Billy Mitchell, quite possibly one of the most famous video game players out there, had his lofty high score on Donkey Kong scrubbed away. For many years, Mitchell held the world high score on Donkey Kong, a whopping 1,047,200 points; in fact, Mitchell was considered to be the first person to make over one million points on the game. Even when others eventually overtook the score, the fact remained that Mitchell was the first, or so it seemed.
Mitchell first achieved the impossible score in 1999, and since then has been an interesting staple in the gaming community. He was one of the main focuses in the 2007 documentary, The King of Kong, which centered on a man trying to beat his famous score. He did appear to have a bit of an ego however, as evidenced from the time he sued the creators of the cartoon, Regular Show, for poking fun at him.
Earlier this year however, the supposed VHS footage that showed him attaining the impossible score in Donkey Kong revealed something interesting; the transition screens in the game weren't the same as those found in the original game. In response, Twin Galaxies, the organization that keeps track of high scores over classic games, launched a two-month investigation to determine whether or not Mitchell had cheated to get his score.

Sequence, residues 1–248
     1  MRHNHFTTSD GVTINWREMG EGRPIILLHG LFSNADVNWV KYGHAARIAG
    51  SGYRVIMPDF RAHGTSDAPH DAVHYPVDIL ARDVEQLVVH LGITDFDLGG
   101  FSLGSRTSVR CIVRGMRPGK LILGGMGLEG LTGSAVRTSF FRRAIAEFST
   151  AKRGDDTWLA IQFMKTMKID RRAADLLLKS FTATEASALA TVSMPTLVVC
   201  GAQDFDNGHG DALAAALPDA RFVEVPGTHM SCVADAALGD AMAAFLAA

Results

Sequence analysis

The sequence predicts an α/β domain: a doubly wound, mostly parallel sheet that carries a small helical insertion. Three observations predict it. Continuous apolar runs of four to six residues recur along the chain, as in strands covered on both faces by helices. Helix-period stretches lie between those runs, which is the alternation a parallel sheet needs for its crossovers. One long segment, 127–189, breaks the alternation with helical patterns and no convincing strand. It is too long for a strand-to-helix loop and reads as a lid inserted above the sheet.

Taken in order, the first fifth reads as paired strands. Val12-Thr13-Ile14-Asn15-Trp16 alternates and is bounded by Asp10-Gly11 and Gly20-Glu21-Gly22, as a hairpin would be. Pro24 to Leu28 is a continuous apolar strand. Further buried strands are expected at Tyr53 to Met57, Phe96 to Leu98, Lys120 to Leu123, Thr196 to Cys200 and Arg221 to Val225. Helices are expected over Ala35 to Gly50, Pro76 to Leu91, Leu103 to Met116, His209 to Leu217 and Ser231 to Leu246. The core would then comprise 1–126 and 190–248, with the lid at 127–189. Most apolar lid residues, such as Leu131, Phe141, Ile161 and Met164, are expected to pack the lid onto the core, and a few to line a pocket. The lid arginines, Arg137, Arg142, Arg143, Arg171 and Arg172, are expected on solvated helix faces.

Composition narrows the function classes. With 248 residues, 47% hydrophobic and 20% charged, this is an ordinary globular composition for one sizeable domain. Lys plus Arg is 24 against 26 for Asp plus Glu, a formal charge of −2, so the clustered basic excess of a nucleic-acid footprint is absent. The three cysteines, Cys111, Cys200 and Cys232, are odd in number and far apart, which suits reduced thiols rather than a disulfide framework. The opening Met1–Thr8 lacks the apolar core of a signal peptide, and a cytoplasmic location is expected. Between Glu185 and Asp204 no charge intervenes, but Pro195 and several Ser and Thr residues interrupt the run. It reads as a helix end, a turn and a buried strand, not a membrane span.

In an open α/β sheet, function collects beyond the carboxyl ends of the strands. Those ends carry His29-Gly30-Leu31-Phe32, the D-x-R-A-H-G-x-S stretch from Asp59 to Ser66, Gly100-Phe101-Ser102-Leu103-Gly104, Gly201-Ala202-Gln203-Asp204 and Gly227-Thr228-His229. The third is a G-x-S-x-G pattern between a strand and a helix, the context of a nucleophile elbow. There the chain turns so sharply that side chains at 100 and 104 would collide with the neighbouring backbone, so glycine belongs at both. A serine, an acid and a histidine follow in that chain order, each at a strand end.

Yesterday, the results came in. Twin Galaxies announced that they have determined that Mitchell's score did not come from an original, unmodified Donkey Kong arcade cabinet, that he will be stripped of his title, and that he will be banned from participating from the competitive high score leader boards in the future.
As of now, Mitchell hasn't formally commented on this turn of events, but either way it is a shocking turn of events for the man who was originally thought to be the best Donkey Kong player in the world. It's doubly ironic, given that in The King of Kong he had disputed another player's high score for the game, Missile Command, causing said player to be disqualified. Not to mention, the parody character featured in Regular Show had actually cheated to get his high score.
Interestingly, while his title for Donkey Kong has now been stripped from the Guinness World Records, his other claim to fame, the first perfect game of Pac-Man, remains. Time will tell if his other achievements will be considered legitimate in the eyes of the gaming community.